I first moved to the Okanagan some 25+ years ago. I was not a wine drinker, let alone someone who knew about food and wine pairing. Back then, all I knew was meat colour = wine colour. Times were so much simpler, albeit not as tasty as today.
Red for red and white for white does still work to a degree, but there are so many other factors to consider.
Let’s start with why the red for red rule is there. Red wines are, for the most part, bold in flavour, with layers of complexity. They can be paired with red meats, because of the meat’s bold flavour. Therefore, it stands to reason proteins with a milder taste would pair well with a less robust white.
No matter what your protein, if it’s served with any type of sauce, you match the wine to the sauce, not the protein. You may have delicious pasta with a rich tomato-based sauce that’s bursting with spices that could pair well with an earthy Pinot Noir. Tomato based pastas are high in acid and therefore need a wine to complement that level of acidity.
Should a dish like scallops in a creamy sauce be on the menu, then a white wine is the way to go as it can cut through the rich flavour while complementing the sauce. A crisp Pinot Grigio would be a superb choice, or a light Chardonnay.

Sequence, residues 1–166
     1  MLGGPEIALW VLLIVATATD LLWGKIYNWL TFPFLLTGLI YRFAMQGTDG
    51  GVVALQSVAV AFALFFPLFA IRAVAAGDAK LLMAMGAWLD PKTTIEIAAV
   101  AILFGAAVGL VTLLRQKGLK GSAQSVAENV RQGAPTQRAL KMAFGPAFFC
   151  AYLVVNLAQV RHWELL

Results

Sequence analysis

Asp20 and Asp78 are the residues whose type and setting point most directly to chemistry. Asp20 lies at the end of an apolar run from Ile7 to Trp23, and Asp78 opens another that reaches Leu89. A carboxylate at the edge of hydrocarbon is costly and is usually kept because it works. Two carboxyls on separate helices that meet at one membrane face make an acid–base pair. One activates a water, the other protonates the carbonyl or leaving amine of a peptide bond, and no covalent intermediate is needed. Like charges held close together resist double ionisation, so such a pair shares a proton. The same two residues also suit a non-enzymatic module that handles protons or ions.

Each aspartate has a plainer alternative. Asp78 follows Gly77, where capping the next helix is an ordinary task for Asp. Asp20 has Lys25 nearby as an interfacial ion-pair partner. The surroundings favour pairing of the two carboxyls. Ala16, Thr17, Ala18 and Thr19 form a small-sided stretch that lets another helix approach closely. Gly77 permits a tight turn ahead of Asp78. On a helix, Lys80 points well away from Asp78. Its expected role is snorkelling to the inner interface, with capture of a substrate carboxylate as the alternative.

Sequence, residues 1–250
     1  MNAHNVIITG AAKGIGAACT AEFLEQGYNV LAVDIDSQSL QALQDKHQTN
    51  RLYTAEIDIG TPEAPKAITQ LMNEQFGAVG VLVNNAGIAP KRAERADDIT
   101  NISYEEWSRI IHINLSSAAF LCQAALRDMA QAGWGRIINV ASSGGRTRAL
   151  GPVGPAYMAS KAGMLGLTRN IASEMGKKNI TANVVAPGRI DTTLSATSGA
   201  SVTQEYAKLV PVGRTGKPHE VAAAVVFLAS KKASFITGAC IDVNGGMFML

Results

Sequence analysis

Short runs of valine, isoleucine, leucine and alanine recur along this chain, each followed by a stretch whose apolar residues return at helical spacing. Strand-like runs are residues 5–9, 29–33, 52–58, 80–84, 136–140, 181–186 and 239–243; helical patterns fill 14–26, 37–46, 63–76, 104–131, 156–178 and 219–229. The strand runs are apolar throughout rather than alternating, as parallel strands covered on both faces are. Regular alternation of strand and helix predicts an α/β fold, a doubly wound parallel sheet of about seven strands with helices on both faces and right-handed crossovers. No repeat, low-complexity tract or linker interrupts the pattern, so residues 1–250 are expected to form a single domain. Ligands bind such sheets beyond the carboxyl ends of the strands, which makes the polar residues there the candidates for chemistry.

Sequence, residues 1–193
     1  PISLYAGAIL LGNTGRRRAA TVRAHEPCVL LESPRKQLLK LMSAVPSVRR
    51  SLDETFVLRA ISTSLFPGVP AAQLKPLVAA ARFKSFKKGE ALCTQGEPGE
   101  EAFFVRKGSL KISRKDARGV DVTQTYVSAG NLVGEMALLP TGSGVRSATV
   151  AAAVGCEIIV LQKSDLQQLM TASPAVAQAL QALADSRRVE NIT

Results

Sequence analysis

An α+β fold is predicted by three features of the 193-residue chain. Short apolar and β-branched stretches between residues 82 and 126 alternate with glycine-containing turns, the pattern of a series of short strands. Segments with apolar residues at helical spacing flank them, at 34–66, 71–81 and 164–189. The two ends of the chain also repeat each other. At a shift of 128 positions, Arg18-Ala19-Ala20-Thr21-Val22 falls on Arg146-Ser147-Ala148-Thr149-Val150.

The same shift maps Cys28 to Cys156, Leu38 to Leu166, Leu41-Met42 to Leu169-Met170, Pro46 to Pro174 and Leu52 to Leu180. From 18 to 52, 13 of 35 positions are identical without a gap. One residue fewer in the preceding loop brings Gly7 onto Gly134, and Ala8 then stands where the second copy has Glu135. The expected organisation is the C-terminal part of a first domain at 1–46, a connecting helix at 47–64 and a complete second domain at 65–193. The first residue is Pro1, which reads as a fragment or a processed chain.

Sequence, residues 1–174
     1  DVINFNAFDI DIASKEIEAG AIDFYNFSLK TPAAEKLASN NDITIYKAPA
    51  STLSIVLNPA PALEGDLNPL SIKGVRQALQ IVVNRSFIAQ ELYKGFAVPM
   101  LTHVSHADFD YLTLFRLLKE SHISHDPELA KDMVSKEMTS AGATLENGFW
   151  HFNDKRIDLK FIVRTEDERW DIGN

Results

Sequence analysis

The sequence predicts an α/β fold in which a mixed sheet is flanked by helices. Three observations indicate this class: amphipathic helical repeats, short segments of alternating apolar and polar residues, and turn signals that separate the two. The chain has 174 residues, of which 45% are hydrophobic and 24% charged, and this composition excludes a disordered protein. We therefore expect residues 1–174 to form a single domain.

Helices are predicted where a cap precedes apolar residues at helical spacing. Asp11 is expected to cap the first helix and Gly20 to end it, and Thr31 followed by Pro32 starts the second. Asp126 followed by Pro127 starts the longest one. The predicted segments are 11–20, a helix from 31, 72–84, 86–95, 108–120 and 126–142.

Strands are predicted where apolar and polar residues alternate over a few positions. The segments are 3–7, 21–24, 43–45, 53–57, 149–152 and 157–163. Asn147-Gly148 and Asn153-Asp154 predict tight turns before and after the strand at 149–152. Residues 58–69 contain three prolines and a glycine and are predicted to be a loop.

With spicy foods, it’s best to find a wine that is low in alcohol or one that is sweeter to help relieve the burning one may get when diving into a delicious spicy curry.
Salty snack food, like nuts or pretzels, needs to be paired with an acidic or a fruity wine.
At the end of the meal, you want a wine that goes well with your dessert. Dark chocolate pairs well with a wine with low to no tannins. If your dessert is sweet, a dry wine won’t cut it. Sweet desserts can make a perfectly lovely dry wine taste more bitter than it really is.
When you’re not sure what foods pair well with your new favourite wine, ask the winery. The people behind the counter pouring you those delicious samples know more than you may think. Ask what they’d suggest and take it from there.
Finally, the best way to pair wine and food is to trust your tastebuds. Have a taste of your favourite wine. Now have something small that’s salty, sweet, acidic, rich, or spicy. Taste the wine again. Did it work? Does the wine still taste great? Does the food still taste great? If so—yay! You’ve found your latest food and wine pairing.